Classics like “Little Man” and “Gabriel” play besides others like “Forward Riddim” and “I Can C U”, while new music videos from artists like Digga DUnknown T, and M1llionz stream during the half-time break. Energetic adlibs from host Scully prompts much laughter throughout. Co-host Henrie Kwushue jovially asks the audience to excuse the extent to which he is evidently drunk. Sian leads grime to glory, winning the face-off 7-3. Ghetts is largely unbothered about the outcome, asserting that his ‘obscure’ selections were made deliberately to educate listeners on Black musical heritage. Altogether, the stream is enjoyable and uplifting, at once nostalgic of historic outlets like Channel U and incomparably futuristic: No Signal offers a hopeful insight into the opportunities to galvanise community, platform homegrown talent, and communicate our causes, now seizable through dynamism and modern technology.

Such community cohesion is a deliberate goal of the station’s founders, brothers Jojo and David Sonubi. Before No Signal, the brothers started Recess, a series of renowned London day parties, block parties, and clubnights designed as an alternative to the overpriced mainstream venues that turn Black people away, both as promoters and patrons. “Recess is a party where Black people can exist outside of the white gaze. People can feel free to be themselves,” No Signal’s Scully tells me with the genuine excitement of a frequenting fan. “Enjoyment is one of the foundations. Making sure everyone is having a good time,” adds RBC, a resident at Recess who also produces for and DJs on No Signal.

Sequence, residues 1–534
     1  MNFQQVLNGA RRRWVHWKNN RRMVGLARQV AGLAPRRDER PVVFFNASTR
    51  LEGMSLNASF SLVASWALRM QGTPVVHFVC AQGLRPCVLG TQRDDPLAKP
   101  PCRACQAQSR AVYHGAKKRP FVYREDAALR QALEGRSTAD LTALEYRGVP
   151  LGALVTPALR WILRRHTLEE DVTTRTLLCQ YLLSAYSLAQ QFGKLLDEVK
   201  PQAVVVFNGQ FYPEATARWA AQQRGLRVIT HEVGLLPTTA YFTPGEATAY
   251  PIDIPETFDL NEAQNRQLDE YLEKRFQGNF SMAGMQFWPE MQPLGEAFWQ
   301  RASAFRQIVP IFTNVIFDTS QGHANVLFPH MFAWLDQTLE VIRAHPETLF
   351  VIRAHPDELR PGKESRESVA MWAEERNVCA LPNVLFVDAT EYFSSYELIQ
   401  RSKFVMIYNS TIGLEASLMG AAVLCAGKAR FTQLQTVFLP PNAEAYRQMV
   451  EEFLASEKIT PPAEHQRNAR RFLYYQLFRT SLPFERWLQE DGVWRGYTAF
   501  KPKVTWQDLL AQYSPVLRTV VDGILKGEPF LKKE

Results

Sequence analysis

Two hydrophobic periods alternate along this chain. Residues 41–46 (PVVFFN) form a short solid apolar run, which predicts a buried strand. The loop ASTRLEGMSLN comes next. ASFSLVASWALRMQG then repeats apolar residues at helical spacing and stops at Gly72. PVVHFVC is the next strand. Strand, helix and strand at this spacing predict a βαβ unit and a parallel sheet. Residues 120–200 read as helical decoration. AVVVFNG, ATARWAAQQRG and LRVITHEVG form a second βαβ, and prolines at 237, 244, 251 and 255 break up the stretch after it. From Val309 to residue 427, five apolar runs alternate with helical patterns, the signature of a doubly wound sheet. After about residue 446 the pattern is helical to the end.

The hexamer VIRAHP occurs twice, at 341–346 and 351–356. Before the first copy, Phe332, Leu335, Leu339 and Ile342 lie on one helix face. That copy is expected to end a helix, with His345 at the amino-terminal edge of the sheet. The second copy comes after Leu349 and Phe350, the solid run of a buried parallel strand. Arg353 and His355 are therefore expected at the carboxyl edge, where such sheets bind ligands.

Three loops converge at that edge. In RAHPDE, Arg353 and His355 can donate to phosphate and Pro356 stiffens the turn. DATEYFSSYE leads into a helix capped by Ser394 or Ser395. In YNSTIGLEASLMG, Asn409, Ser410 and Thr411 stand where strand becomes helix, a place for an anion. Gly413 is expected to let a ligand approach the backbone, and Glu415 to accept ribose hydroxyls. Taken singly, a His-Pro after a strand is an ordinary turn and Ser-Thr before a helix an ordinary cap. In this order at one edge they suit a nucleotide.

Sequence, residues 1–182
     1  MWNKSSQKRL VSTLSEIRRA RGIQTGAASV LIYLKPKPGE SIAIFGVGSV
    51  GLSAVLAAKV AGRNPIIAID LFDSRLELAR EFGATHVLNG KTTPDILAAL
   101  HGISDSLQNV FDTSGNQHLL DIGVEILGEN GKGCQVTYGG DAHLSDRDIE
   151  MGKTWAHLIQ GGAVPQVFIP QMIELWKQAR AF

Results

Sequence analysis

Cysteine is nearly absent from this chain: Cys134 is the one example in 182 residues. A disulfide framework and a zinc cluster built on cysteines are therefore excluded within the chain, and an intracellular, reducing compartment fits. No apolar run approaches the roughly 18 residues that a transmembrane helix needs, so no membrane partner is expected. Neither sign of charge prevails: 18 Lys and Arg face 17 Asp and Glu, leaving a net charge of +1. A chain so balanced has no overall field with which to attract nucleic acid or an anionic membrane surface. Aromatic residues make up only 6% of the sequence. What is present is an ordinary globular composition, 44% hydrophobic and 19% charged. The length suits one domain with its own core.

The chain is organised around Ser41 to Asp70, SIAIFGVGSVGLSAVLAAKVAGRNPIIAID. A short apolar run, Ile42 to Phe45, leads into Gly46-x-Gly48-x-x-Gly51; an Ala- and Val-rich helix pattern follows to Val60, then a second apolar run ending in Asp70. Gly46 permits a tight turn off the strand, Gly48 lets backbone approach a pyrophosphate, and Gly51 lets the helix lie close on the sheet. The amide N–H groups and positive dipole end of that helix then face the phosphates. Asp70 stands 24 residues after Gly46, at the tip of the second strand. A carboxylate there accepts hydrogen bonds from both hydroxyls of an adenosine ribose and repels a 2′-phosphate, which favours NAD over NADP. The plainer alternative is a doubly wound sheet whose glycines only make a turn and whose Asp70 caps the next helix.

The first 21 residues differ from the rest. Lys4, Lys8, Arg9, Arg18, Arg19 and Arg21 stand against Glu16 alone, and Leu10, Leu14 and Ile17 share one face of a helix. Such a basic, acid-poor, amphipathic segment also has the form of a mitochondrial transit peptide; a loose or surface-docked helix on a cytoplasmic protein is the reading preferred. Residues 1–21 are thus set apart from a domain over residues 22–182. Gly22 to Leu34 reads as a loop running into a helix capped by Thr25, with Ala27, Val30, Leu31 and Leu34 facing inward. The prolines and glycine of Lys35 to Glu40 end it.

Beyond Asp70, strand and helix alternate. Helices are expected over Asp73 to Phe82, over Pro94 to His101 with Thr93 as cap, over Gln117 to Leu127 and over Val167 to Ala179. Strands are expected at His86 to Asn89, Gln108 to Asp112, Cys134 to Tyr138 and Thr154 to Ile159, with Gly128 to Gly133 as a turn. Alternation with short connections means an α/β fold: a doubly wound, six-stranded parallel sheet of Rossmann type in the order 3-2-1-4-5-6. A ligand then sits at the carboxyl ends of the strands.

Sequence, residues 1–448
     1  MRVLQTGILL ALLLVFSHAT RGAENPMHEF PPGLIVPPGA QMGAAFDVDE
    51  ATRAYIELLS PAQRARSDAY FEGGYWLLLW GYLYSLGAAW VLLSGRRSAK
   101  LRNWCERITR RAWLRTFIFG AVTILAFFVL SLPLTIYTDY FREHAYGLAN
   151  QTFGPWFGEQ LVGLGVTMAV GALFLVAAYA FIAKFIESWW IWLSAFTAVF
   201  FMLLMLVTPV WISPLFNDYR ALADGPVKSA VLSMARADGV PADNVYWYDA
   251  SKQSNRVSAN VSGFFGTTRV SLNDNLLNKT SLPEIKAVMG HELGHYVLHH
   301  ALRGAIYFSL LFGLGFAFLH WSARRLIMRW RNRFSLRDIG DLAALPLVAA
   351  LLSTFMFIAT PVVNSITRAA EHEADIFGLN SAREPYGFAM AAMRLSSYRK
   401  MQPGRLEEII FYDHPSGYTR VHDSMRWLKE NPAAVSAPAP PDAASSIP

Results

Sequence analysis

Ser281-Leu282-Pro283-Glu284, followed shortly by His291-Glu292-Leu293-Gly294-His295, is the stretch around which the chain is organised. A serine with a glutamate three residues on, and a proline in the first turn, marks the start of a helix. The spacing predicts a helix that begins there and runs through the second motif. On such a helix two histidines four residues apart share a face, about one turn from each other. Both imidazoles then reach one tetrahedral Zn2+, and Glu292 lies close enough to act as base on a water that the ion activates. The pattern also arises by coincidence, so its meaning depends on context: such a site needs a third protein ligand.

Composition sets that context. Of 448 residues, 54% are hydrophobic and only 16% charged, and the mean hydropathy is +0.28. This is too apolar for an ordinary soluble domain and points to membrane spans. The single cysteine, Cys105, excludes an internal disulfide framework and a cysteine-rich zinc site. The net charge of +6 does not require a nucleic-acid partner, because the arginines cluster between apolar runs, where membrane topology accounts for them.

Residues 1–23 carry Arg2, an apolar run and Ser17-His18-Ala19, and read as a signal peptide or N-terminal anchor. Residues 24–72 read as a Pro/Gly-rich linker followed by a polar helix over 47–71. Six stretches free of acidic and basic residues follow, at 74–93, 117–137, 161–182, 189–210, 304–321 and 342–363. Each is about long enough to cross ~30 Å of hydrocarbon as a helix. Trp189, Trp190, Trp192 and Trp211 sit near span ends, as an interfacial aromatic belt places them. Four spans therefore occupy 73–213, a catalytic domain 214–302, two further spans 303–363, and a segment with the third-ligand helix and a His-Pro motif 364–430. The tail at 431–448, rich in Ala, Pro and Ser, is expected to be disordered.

When the UK government announced a nationwide lockdown as a response to the coronavirus pandemic in March 2020, it became clear that congregations like Recess would have to cease indefinitely. No Signal – which is sometimes referred to as #BlackRadio by fans, recalling the title of the American jazz pianist Robert Glasper’s fifth album – was officially launched the same month to celebrate the breadth of music from the African diaspora and provide an alternative source of entertainment for a community suddenly made homebound. Its impact, however, has been far deeper.

“We didn’t expect to be loved so much that we broadcast every day. Lots of people kept telling us how important this is to them as something that exists” – Scully, No Signal